Turning now to FIG. 7, a third embodiment of the surgical clip 210, substantially similar to the first embodiment (with like parts having numbers incremented by 200), is shown. The tip 224 of the retainer 222 does not include any enlargement, but is rather designed to be partially bent to pierce the tissue and then be further bent substantially about the end 220 of the first arm 212 in order to secure the clip on tissue.
 Turning now to FIGS. 8 through 10, a fourth embodiment of the surgical clip 310, substantially similar to the first embodiment (with like parts having numbers incremented by 300), is shown. The clip 310 includes first and second arms 312, 314 and a bridge 316, as in the previous embodiments. The first arm 312 includes both a catch portion 328 a and a retainer portion 322 a. The second arm 314 also includes both a catch portion 328 b and a retainer portion 322 b. The retainer and catch portions are offset such that retainer portion 322 a is adapted to be bent toward catch portion 328 b, with the hook 330 a engaging the catch portion, and retainer portion 322 b is adapted to be bent toward catch portion 328 a for similar engagement. The catch portions 328 a, 328 b are shown with three catches 371 a, 372 a, 373 a and 371 b, 372 b, 373 b, respectively. Multiple catches facilitate a locked closing in different positions.
 Such a clip is deployed in the same manner as the clip of the first embodiment, but the jaw assembly of the clip applier includes anvils at the ends of both of the jaws (not shown) to effect the bending and folding of the retainer portions 322 a, 322 b. In this manner, the hooks 330 a, 330 b at the end of the retainer portion engage the catch portions 328 a, 328 b, as shown in FIGS. 11 and 12.
 While the clips are described as being adapted to pierce tissue, it is recognized that the clips may be applied over a duct, vessel, or other conduit or tissue which the clips completely surrounds such that the clips are clamped thereon but do not pierce the tissue thereof. In such use, the clamping force of the clips retains the clips over the tissue. Furthermore, the clips can be used to clamp a first tissue and pierce a second tissue to secure the first and second tissues together, e.g., as in a stitch. Moreover, the clips can be used to attach a foreign body to tissue.
 There have been described and illustrated herein several embodiments of a surgical clip and a method of using the same. While particular embodiments of the invention have been described, it is not intended that the invention be limited thereto, as it is intended that the invention be as broad in scope as the art will allow and that the specification be read likewise. Thus, while the clip is particularly adapted for manufacture in the small size necessary for flexible endoscopy, it will be appreciated that the clip may be made in other sizes as well. In addition, while in one embodiment the retainer tip includes a hook and the end of the first arm is provided with a catch, it will be appreciated that the retainer tip may have a catch and the first arm may have a hook. In addition, other engagement means may be used. Also within the scope of the invention are other clip configurations with more than two retainers, and preferably more than two catches. The retainers and catches may be provided on the same arm, or alternatively, all the retainers may be on one arm, while all the catches are all provided on the other arm. Furthermore, in a multi-retainer embodiment, it is not necessary to have any catches, as described with respect to the second and third embodiments. It will therefore be appreciated by those skilled in the art that yet other modifications could be made to the provided invention without deviating from its spirit and scope as claimed.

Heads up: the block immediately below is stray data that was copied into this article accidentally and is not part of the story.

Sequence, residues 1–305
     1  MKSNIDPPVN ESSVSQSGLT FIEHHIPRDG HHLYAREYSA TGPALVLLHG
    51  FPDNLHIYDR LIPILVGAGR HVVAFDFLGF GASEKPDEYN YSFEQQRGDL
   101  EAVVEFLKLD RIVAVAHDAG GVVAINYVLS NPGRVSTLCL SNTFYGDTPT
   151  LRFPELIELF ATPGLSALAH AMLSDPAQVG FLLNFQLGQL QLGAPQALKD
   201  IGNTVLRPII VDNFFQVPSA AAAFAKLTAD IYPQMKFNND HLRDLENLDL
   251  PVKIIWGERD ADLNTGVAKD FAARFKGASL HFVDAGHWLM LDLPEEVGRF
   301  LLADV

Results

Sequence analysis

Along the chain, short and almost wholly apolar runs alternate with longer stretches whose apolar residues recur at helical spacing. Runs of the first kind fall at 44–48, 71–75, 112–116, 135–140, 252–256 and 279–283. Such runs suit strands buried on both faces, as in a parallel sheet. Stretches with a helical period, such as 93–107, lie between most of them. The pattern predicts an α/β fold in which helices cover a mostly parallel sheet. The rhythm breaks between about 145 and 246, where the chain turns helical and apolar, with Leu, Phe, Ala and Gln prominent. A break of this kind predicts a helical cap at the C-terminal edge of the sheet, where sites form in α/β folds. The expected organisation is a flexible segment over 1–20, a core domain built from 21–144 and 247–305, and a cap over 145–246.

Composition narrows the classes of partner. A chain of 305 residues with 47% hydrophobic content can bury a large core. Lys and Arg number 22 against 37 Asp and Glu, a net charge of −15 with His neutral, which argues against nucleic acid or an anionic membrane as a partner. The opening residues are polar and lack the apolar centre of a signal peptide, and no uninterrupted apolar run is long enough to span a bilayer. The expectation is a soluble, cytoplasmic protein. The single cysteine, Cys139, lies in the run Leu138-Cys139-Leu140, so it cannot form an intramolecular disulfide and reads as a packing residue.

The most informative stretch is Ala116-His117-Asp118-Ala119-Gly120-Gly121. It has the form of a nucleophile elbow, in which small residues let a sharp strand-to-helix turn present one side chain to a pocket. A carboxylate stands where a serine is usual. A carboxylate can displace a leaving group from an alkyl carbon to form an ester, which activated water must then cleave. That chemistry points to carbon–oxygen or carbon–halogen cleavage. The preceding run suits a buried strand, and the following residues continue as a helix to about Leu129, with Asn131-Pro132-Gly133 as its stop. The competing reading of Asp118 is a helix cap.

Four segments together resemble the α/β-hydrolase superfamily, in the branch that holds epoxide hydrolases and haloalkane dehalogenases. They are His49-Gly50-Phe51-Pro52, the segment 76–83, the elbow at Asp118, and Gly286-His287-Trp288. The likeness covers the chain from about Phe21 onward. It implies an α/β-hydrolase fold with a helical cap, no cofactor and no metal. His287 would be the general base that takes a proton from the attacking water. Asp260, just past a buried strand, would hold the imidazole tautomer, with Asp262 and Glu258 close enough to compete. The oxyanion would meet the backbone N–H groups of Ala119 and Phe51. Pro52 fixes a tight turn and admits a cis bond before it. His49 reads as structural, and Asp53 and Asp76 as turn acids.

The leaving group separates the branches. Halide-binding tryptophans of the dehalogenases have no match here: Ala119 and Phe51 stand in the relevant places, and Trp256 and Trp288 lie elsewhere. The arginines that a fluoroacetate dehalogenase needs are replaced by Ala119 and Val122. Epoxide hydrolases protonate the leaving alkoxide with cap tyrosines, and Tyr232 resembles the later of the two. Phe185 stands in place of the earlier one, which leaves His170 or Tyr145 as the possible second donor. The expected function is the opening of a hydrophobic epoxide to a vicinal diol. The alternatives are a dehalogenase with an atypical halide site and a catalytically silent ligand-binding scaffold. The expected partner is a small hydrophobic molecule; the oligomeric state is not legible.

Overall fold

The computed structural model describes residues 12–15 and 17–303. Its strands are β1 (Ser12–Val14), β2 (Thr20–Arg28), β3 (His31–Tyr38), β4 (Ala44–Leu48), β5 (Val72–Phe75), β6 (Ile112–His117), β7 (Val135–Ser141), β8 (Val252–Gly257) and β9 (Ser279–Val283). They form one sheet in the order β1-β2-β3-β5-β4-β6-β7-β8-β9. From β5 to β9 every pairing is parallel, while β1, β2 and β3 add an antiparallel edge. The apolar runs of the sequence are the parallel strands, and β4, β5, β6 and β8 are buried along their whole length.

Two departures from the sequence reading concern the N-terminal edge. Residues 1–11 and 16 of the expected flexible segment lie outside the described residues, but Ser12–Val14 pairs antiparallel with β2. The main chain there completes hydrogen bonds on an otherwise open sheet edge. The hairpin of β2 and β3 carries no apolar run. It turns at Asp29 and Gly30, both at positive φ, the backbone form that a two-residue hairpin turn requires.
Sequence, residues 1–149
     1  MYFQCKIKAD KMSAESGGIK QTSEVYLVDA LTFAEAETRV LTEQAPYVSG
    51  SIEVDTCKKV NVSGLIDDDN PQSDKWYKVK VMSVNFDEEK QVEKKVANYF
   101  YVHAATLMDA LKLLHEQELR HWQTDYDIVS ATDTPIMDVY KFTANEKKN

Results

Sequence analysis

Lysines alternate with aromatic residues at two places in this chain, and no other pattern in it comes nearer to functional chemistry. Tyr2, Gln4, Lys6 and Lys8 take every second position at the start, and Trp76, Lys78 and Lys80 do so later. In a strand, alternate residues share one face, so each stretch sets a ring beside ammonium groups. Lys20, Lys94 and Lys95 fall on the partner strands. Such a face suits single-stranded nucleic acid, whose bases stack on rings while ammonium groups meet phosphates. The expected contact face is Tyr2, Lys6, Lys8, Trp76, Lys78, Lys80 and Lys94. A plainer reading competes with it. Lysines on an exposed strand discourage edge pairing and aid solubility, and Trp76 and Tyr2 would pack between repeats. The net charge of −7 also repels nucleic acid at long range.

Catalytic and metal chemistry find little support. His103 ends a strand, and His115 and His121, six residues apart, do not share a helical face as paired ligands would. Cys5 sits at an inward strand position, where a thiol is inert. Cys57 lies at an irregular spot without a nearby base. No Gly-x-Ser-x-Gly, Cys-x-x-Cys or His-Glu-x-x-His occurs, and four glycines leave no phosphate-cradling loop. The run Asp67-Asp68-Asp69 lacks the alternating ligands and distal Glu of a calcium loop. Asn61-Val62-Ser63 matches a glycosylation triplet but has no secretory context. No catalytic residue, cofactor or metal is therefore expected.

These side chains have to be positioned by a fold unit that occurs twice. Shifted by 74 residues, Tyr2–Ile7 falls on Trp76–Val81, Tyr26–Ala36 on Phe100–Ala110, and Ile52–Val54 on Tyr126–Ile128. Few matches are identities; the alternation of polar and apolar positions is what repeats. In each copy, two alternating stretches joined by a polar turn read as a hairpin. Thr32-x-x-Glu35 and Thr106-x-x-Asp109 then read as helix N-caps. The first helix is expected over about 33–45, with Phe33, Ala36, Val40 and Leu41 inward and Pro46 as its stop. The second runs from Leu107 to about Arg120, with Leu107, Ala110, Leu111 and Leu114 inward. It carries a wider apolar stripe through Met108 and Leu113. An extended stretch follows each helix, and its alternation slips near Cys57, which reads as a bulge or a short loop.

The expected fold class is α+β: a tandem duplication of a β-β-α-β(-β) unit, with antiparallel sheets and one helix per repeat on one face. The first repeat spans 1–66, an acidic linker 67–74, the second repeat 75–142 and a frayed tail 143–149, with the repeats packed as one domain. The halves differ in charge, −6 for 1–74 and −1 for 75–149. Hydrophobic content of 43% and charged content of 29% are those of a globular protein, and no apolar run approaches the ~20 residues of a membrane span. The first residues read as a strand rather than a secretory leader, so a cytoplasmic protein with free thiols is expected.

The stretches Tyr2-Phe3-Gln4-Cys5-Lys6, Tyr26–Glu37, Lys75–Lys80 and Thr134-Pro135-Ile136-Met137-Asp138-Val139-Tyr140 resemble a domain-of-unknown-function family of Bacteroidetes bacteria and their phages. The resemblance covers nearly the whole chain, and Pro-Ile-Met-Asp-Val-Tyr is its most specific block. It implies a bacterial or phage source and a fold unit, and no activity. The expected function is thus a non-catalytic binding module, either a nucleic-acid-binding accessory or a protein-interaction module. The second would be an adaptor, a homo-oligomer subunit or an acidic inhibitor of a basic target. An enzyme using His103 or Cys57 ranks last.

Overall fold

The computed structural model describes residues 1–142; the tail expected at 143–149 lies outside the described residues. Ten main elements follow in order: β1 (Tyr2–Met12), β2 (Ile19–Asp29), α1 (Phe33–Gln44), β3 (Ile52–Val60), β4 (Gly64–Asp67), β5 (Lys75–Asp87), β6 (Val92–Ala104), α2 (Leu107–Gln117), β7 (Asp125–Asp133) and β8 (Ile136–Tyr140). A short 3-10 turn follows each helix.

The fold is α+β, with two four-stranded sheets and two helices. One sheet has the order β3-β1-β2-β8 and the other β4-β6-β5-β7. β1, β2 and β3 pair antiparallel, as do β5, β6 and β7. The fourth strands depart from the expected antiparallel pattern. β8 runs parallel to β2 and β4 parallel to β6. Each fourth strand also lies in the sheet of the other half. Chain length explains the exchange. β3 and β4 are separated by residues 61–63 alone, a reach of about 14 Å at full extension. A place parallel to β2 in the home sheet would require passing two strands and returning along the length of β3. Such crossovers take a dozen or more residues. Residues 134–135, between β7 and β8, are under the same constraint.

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|US8277468||Nov 24, 2010||Oct 2, 2012||Ethicon Endo-Surgery, Inc.||Tissue reconfiguration|
|US8287554||May 15, 2003||Oct 16, 2012||Ethicon Endo-Surgery, Inc.||Method and devices for tissue reconfiguration|
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|US20050033333 *||Jun 14, 2004||Feb 10, 2005||Smith Kevin W.||Surgical clip|
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|EP1462062A2 *||Mar 18, 2004||Sep 29, 2004||Ethicon Endo-Surgery, Inc.||Laminated surgical clip|
|EP1607049A1 *||Jun 13, 2005||Dec 21, 2005||Ethicon Endo-Surgery, Inc.||Surgical clip|
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|International Classification||A61B17/32, A61B17/128, A61B17/28, A61B17/12, A61B17/122, A61L31/00|
|Cooperative Classification||A61B2017/2905, Y10T24/44752, A61B17/1285, G01B7/10, A61B17/122, A61B2017/2946, A61B2017/320064, A61B17/0644|
|European Classification||G01B7/10, A61B17/122, A61B17/128E|
|Jun 25, 2001||AS||Assignment|
|Mar 25, 2003||AS||Assignment|
|Aug 4, 2003||AS||Assignment|
Owner name: ETHICON ENDO-SURGERY, INC., OHIO
Free format text: ASSIGNMENT OF ASSIGNORS INTEREST;ASSIGNOR:INSCOPE DEVELOPMENT LLC;REEL/FRAME:015056/0425
Effective date: 20030509
|Oct 5, 2004||AS||Assignment|
Owner name: ID, LLC,FLORIDA
Free format text: CHANGE OF NAME;ASSIGNOR:INSCOPE DEVELOPMENT, LLC;REEL/FRAME:016483/0567
Effective date: 20050414
|Sep 28, 2007||FPAY||Fee payment|
Year of fee payment: 4
|Sep 7, 2011||FPAY||Fee payment|
Year of fee payment: 8